Gerry Canavan

the smartest kid on earth

Posts Tagged ‘Kindle

Hugos

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The Hugo awards were announced last night. Boing Boing has the list, including Ted Chiang’s characteristically excellent novella “The Lifecycle of Software Objects.” I haven’t read the winning Connie Willis novels but I did just impulse-buy both for my Kindle.

I’m also glad to see Lev Grossman won Best New Writer for his very good (especially the first two-thirds) The Magicians; I got the chance to interview Lev recently about his excellent followup, The Magician King, which should be in this week’s Independent Weekly. We mostly talked about fan fiction, building off his defense of the genre in Time here. Look for that soon.

Leavin’ on that Midnight Train Links

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* Here comes the second act: Progressives Target GOP State Senators In WI With Recall Threat.

* Hard to think of a better encapsulation of America’s warped priorities than the chart at right. More here.

* February 21, 2009: My working assumption has been that the GOP’s biggest names—Bobby Jindal, Mitt Romney, god-help-us Sarah Palin—would sit out 2012 to take on the winner of the open Democratic field in 2016. (I’ve actually thought for a while that 2012′s Bob Dole would be Newt Gingrich; someone who’ll lose handily but won’t get creamed.) Ladies and gentlemen, we’re halfway there: Newt Gingrich is running for president.

* Julianna Baggott on answering the illegal question in academic job interviews.

* Ron Rosenbaum on asking the forbidden question in nuclear silo training. (Thanks, Sam!)

The study found that of those fellowship winners with white male dissertation advisers, 37 percent landed faculty jobs at research universities — jobs that many Ph.D.s want and that are very difficult these days for most to get. Of those who had all other dissertation advisers (white women, minority men or minority women), only 7 percent landed such jobs.

* New David Foster Wallace in the New Yorker.

Every whole person has ambitions, objectives, initiatives, goals. This one particular boy’s goal was to be able to press his lips to every square inch of his own body.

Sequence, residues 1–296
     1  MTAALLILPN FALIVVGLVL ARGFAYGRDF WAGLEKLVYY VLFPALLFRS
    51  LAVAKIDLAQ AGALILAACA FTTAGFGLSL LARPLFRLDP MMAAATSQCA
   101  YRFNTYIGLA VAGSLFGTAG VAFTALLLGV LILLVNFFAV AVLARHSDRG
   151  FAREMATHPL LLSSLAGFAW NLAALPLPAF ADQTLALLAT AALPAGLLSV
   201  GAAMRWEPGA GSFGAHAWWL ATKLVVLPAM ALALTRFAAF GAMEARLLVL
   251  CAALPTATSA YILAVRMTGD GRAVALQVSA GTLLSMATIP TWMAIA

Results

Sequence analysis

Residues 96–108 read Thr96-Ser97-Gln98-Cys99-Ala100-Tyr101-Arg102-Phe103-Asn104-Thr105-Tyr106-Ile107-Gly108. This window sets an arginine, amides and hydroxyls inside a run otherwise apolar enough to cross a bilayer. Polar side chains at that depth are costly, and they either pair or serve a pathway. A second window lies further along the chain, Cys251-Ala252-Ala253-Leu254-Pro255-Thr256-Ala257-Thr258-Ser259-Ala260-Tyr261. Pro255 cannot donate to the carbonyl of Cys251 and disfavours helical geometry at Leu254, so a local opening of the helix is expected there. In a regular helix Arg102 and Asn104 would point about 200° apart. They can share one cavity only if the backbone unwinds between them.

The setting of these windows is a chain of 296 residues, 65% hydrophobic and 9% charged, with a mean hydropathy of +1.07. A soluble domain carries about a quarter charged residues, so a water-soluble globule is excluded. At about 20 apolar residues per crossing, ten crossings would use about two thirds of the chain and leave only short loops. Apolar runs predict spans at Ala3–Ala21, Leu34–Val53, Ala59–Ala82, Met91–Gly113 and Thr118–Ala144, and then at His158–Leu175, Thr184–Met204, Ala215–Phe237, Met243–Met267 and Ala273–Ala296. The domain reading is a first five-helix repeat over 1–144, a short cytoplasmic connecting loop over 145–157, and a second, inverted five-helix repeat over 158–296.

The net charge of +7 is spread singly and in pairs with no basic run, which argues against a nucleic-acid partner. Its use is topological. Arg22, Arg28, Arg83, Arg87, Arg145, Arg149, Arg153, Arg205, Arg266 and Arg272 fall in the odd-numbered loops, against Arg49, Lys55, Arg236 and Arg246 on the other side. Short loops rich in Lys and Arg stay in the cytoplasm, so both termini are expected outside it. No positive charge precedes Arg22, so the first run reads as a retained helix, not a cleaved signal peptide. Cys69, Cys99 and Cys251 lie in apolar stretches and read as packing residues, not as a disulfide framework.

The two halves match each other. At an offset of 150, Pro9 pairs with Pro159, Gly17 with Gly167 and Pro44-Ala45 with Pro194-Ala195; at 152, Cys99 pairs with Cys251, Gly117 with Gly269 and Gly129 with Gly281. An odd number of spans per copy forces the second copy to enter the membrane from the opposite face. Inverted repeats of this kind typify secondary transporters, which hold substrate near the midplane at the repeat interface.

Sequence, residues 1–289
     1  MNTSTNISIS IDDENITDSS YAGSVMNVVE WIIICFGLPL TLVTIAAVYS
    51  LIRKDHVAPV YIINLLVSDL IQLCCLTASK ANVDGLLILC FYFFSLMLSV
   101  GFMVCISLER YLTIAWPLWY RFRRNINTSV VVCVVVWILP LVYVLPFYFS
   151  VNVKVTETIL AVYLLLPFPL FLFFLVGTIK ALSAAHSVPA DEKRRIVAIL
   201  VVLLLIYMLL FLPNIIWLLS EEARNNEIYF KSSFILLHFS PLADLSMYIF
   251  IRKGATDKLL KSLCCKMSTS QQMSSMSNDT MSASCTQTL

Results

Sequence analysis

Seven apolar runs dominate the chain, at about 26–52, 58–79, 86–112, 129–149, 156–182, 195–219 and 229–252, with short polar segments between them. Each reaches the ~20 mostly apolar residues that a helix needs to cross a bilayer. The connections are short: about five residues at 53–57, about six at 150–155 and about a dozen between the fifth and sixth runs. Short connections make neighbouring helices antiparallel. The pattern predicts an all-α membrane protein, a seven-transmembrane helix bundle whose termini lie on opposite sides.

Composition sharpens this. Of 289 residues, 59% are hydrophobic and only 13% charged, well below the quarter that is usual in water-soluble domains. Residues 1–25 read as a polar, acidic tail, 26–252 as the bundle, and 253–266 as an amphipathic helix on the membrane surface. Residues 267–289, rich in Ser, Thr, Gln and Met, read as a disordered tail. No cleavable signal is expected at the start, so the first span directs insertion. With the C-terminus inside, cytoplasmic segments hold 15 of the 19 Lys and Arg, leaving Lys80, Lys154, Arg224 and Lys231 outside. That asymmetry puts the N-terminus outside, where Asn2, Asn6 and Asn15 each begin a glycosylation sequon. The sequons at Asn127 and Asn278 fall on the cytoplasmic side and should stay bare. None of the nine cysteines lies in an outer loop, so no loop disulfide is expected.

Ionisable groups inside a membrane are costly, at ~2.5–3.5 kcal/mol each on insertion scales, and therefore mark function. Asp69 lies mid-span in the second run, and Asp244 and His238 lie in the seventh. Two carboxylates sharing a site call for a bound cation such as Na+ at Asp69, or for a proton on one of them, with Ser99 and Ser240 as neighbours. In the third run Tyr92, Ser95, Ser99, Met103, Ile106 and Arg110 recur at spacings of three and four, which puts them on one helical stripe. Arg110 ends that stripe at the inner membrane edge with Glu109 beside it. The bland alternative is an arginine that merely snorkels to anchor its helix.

* Self-publishing in the age of the Kindle.

* The headline reads, “Can a group of scientists in California end the war on climate change?” But Grist offers some good reasons to be skeptical about the Berkeley Earth project.

* PhysOrg has an article detailing dozens of unethical medical experiments on nonconsenting human subjects in the U.S.

* That’ll fix everything: the Gates Foundation wants to raise class size to “spread around [the] effectiveness.” Sounds foolproof! (Thanks, Ben!)

* Beyond parody: Ohio Senate committee schedules unborn child as witness during upcoming abortion bill hearing.

* And RaShOmoN of course you had me at German science fiction covers.

Utopia Grossband 023Utopia 417

Slow News Day Links

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* Death-of-the-book-watch: Kindle sales have surpassed paperbacks on Amazon.

* “People think of programming as a very male thing,” Erikson said. “Most people don’t know that it was mostly women.”

* What could possibly go wrong? GOP senators target birthright citizenship.

* 198 of the top 200 questions asked during a recent YouTube Town Hall had to do with marijuana and drug policy. Maybe Obama should rethink his answer.

* And Ayn Rand: Communist!

Critics of Social Security and Medicare frequently invoke the words and ideals of author and philosopher Ayn Rand, one of the fiercest critics of federal insurance programs. But a little-known fact is that Ayn Rand herself collected Social Security. She may also have received Medicare benefits.

Via Cynical-C.

OPEN MAILBOX

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Written by gerrycanavan

October 8, 2010 at 12:39 am

Is ‘Freedom’ the Novel of the Century?